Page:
It’s more than a bit disturbing that the photographs Danny Lyon captured during the early ’60s while working with the Student Nonviolent Coordinating Committee (SNCC) in the segregated south continue to resonate so deeply in the modern day. It would be one thing if these black-and-white photographs, taken in the earliest years of the photographer’s career, served as a historic document of how far the country has come, but the issues of race, mass incarceration and urban gentrification that Lyon documented when he was first starting out have only intensified in America. Danny Lyon isn’t looking back on history—he is looking at the present.
Danny Lyon: Message to the Future, which opens at the Whitney Museum of American Art in New York this weekend, collects 175 pictures, vintage work prints, never-before-seen films and ephemera from Lyon’s archives to take an in-depth look at his work as an immersive documentary storyteller who is just as engaged in writing, filmmaking and collage as is he in photography.
“Danny consistently goes beyond what we think of as documentary photography,” Adam D. Weinberg, the Alice Pratt Brown Director at the Whitney, said during the opening remarks at the museum. “He is deeply involved in the lives of his subjects. There is not that photographic distance between the photographer and what he is photographing.”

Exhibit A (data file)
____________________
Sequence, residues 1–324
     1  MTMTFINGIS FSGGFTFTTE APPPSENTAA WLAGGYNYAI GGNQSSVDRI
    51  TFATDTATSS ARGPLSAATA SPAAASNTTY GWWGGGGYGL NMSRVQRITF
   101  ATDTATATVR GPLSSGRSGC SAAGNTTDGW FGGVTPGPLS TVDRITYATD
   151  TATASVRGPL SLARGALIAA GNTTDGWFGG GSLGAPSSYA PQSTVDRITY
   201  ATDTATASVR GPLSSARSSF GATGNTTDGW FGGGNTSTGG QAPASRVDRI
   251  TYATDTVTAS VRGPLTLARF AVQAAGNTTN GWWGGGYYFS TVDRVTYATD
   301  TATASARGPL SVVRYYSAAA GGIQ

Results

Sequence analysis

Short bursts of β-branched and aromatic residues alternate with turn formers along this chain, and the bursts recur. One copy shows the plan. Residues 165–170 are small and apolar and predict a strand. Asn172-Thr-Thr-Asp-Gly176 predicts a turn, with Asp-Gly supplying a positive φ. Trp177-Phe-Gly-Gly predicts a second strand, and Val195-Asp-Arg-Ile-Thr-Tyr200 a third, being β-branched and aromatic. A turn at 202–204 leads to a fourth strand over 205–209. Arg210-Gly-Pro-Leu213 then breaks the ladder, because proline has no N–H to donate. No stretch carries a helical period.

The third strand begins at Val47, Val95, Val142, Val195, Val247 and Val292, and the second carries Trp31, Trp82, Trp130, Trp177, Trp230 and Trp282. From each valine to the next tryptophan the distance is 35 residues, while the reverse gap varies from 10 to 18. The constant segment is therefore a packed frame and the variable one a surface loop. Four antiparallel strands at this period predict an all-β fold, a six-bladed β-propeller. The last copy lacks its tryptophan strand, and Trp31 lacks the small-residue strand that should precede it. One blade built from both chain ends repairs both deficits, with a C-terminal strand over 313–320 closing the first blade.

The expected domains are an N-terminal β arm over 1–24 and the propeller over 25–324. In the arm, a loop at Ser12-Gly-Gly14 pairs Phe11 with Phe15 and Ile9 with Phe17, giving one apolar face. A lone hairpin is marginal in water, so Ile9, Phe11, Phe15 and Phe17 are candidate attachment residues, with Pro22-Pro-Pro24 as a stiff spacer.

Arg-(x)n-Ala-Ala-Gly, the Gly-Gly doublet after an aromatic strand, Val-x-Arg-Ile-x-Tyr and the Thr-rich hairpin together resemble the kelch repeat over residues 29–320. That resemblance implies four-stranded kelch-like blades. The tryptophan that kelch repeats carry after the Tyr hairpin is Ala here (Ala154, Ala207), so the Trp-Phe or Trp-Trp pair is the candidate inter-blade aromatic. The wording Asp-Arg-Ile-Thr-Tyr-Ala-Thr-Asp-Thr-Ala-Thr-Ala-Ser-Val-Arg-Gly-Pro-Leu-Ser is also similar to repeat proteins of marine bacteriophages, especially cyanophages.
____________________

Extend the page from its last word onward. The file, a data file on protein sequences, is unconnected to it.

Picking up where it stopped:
The show is the photographer’s first full career retrospective and is the result of a close collaboration between Lyon and Julian Cox, Founding Curator of Photography and Chief Curator of the de Young Museum in San Francisco. Cox says he first became familiar with Lyon’s vast, and largely unexplored, archive while working on a show in Atlanta dealing with the Civil Rights movement.
“One of the things we’ve tried to do with this show is to expand the narrative and the scope of what we understand to be the career of Danny Lyon,” said Cox.
As Cox points out, the bulk of the work that Lyon is well known for was created prior to 1969: the Civil Rights SNCC work, Bike Riders, The Destruction of Lower Manhattan and his work inside the Texas Department of Corrections. While Message to the Future does provide extensive coverage to these bodies of work, the idea was to present the most well known pieces alongside the lesser-seen images, and, when possible, with field recordings, 16mm films, and Lyon’s journal entries.
“A very important aspect of exhibition is that it ties his interest in filmmaking and photography together in a very explicit kind of way,” said Cox. “The interrelationship of these different media is a critical aspect of the way that Danny Lyon approaches the world and, in a way, responds to history in the making.”
Danny Lyon: Message to the Future will be on view at the Whitney through Sept. 25, 2016.